As it becomes all-encompassing and philosophical, then, hermeneutics is no longer a teachable skill or method but, first, an account of how understanding happens in light of difference and, ultimately, an account of how the world grows as understanding happens in some particular way. It shows us not how to avoid misinterpretation in the face of the passage of time but how ongoing interpretation fills the passing time, creating a particular world in the process. Not only are historical inquiry and understanding themselves historically situated but it is partly because we understand or receive the past in this particular way, and not some other, that the future is as it is. For Gadamer, then, we present individuals are fundamentally finite and particular, but we project into the future on the basis of an infinite dialogue with the past, across time. The tradition, the world itself, endlessly grows as a result.

In following this line of reasoning, Gadamer was explicitly seeking to deepen Vico's dictum that we can know history because we have made it. Georgia Warnke summarizes thus Gadamer's point: “The way in which we anticipate the future defines the meaning the past can have for us, just as the way in which we have understood the past and the way in which our ancestors have projected the future determines our own range of possibilities. Thus, for Gadamer, Vico's formula entails that we understand history not simply because we make it but also because it has made us; we belong to it in the sense that we inherit its experience, project a future on the basis of the situation the past has created for us and act in light of our understanding of this past whether such understanding is explicit or not.” In a more succinct way what Vico and Gadamer are saying is that man is his own history.

For Gadamer, then, the distance between present and past is not "a yawning abyss" to be overcome through some special effort or technique. Rather, temporal distance makes some particular historical understanding possible—most basically because it "is filled with the continuity of custom and tradition, in the light of which all that is handed down presents itself to us." In other words, a continuing process links us to the past moment because we find ourselves within a growing tradition of understanding those at that moment and of experiencing our relationship with them. No matter how radical our revisions, our way of understanding what they did can only grow from—and belong to—that tradition of understanding.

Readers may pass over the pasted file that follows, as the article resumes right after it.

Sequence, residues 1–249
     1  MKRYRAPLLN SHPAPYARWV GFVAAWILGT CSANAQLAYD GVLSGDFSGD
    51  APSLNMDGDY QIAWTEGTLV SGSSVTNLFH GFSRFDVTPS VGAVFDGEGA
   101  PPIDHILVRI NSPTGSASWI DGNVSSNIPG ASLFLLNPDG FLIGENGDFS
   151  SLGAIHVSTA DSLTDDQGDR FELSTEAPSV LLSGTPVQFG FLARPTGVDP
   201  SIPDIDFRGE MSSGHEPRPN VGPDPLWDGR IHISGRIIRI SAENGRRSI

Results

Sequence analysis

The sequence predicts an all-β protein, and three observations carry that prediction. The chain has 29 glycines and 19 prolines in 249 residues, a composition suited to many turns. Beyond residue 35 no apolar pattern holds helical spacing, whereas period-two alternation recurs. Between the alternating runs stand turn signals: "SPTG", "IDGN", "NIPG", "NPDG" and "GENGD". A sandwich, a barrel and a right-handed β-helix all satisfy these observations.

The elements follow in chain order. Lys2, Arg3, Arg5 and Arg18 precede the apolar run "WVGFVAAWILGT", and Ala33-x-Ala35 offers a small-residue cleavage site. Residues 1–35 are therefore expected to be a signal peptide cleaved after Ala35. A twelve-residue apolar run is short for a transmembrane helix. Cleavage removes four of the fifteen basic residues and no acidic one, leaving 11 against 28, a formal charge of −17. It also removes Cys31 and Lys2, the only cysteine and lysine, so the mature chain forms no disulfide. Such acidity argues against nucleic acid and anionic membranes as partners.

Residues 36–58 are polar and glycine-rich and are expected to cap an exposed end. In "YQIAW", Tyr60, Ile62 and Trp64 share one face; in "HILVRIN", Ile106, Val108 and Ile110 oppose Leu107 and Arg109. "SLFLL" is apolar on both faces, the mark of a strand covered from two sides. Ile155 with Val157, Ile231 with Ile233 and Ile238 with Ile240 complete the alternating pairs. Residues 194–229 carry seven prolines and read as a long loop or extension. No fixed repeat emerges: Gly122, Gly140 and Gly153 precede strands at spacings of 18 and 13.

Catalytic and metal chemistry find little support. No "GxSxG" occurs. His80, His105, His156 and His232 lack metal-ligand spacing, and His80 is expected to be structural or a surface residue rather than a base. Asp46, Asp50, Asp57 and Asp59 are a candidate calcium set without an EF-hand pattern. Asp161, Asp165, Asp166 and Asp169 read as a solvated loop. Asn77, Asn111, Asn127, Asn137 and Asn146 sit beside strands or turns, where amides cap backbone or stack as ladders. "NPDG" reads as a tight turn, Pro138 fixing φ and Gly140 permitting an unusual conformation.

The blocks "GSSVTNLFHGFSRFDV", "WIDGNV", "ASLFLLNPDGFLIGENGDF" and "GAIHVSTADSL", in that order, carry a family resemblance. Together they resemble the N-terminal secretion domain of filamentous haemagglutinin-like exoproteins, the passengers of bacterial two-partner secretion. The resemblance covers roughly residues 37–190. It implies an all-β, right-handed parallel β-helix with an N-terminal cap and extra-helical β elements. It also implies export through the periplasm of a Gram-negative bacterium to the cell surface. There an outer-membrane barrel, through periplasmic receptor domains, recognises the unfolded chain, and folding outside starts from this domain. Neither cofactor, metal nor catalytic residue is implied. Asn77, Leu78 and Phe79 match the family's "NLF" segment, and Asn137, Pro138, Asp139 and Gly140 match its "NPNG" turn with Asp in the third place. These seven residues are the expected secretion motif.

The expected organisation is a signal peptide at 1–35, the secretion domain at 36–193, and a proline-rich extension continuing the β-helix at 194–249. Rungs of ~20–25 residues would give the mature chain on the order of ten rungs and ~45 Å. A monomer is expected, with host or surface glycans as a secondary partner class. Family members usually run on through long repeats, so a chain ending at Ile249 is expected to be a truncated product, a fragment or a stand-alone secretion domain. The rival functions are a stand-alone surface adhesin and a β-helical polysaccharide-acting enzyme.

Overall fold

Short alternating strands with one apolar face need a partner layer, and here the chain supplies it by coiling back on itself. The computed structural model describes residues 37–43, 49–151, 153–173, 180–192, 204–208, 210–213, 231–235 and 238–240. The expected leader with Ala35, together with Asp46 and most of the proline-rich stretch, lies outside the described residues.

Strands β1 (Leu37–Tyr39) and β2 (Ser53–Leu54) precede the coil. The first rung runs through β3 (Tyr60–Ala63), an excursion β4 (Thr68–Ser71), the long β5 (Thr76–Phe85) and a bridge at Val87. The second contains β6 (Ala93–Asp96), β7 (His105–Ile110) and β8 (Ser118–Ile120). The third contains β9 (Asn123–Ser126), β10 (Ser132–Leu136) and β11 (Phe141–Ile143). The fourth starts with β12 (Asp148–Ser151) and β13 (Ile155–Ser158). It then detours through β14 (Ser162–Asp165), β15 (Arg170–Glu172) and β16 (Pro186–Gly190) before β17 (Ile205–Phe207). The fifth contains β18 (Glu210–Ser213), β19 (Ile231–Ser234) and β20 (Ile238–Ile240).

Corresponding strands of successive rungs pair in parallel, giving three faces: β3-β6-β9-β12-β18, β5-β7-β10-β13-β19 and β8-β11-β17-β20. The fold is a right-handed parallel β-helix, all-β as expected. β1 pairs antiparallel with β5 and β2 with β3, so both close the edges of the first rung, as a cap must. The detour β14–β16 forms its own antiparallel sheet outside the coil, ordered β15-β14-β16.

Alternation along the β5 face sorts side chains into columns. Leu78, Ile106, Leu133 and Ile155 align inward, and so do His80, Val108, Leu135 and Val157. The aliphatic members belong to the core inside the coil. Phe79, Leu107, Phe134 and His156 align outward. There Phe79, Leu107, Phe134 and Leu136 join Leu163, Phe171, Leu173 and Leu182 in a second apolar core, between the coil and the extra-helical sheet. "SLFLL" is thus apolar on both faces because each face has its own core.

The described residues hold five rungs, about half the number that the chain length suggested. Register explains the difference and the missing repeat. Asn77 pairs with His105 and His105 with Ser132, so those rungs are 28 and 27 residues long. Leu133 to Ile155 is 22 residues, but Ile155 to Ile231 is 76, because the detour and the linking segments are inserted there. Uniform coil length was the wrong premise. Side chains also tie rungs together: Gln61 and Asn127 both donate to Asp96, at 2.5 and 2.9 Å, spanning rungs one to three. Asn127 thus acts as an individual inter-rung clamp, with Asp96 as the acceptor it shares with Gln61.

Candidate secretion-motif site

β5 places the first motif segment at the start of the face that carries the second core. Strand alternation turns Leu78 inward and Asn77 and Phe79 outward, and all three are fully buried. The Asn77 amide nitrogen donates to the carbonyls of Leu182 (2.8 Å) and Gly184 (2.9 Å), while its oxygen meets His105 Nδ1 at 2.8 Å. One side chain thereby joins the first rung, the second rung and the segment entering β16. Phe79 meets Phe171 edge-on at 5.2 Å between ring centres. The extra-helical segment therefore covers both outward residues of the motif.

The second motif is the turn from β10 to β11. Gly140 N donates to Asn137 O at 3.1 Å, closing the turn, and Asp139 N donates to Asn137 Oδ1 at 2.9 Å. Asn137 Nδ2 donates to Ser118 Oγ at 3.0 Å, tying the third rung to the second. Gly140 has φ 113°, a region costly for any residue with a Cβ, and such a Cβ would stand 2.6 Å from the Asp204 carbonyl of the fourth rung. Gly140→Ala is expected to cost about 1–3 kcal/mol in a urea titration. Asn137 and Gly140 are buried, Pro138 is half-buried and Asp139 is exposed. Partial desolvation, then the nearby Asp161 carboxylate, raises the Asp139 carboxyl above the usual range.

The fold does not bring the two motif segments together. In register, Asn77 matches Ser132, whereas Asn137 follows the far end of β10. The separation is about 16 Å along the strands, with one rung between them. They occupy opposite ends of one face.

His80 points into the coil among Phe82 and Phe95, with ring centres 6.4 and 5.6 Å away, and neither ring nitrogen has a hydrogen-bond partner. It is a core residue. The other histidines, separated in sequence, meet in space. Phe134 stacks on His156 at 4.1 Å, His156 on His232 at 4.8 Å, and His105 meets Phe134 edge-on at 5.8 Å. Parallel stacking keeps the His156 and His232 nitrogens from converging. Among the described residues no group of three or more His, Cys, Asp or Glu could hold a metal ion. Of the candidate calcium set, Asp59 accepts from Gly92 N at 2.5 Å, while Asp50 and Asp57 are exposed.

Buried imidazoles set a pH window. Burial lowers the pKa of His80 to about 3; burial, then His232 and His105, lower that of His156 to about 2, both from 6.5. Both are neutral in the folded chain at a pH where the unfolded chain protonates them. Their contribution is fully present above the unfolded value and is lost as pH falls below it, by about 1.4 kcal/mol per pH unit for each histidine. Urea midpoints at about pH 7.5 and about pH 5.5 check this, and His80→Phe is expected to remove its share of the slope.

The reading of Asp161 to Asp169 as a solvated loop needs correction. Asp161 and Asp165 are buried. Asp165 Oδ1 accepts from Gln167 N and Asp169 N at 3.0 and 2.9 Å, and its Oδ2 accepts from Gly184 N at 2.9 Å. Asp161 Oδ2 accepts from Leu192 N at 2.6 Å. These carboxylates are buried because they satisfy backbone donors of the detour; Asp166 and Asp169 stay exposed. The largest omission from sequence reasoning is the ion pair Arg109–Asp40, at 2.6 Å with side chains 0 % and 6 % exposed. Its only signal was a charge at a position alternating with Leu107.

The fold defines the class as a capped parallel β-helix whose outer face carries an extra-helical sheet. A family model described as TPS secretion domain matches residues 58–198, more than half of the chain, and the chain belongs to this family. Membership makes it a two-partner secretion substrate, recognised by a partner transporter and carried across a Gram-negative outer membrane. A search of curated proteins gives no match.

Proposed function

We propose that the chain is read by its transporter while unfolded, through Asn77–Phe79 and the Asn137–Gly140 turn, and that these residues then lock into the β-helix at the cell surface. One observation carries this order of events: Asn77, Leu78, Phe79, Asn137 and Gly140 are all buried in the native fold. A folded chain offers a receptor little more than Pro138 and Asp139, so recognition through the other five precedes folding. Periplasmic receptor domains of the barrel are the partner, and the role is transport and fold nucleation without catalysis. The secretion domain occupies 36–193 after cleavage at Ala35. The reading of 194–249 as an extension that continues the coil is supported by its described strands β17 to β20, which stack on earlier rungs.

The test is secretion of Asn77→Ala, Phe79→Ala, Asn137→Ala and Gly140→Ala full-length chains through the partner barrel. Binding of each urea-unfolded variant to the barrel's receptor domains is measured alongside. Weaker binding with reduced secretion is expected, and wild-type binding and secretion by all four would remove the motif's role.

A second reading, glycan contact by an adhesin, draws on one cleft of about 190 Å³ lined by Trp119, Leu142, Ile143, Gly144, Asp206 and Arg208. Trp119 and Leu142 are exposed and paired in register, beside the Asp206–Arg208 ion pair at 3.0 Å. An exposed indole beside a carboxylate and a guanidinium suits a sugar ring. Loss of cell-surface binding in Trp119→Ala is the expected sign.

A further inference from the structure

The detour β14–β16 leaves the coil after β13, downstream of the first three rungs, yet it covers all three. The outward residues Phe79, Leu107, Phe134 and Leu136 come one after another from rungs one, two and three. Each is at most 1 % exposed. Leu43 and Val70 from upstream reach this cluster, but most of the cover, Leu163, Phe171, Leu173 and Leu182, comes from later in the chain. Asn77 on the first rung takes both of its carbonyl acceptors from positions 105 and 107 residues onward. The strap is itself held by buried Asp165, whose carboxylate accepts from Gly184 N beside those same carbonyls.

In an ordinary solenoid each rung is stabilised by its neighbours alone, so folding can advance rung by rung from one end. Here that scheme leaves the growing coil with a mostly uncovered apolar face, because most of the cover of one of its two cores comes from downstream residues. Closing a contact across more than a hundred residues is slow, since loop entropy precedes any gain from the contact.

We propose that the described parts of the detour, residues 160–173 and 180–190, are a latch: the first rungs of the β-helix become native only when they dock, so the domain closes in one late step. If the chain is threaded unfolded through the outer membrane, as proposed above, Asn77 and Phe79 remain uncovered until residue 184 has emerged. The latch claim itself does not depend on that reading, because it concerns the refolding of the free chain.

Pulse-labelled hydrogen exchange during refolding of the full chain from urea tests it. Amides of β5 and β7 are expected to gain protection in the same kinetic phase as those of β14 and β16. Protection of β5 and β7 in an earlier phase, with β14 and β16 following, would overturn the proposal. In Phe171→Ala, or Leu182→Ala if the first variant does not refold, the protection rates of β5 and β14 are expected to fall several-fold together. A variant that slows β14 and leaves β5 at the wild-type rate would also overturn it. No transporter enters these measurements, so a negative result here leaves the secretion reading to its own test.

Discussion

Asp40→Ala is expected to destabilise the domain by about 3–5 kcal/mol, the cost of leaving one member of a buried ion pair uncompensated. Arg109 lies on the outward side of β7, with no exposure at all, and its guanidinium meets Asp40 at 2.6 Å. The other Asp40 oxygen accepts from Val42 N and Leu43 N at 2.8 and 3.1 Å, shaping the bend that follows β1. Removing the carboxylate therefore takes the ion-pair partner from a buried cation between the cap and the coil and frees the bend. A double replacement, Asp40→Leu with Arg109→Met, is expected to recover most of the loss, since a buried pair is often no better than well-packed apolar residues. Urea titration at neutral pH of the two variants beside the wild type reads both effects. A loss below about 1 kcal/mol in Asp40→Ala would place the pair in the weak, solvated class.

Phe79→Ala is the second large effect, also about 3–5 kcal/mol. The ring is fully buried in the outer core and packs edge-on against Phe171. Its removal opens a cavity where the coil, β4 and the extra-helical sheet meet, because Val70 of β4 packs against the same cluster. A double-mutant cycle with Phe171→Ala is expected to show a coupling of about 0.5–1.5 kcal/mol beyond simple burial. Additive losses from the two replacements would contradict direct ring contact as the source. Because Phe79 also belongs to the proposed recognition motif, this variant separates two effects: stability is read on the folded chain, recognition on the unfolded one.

Crucial though this continuity is, however, it is equally important that continuity carries change. Because we have come later, we understand the past differently, in a sense better, than it understood itself; we can gauge the results of what those before us did—and thus determine the meaning, so far, of what they did. In Gadamer's terms, "it is a hermeneutical necessity always to go beyond mere reconstruction," so it falls to us to add the next layer of meaning by questioning and apprehending the tradition from the vantage point of this historically specific moment. Thus it cannot be the aim of historical inquiry, or the key to historical understanding, to reconstruct the original or to apprehend the subjective intent of the historical actor.

For Gadamer, as for Croce too, a corollary of this deeper, post-metaphysical way of belonging to history was a more central role for historical inquiry. Earlier thinkers had assumed that historical truth required detachment, that the past had to be apprehended "for its own sake." In light of such imperatives, the culture had come to take it for granted that history deals with the past as opposed to the present; history was cut off from present life and made safe, as though confined to a museum. For Vico, Gadamer and Croce, to the contrary, historical understanding inflates in importance precisely because we understand it as bound up with a present that is endlessly projected into the future.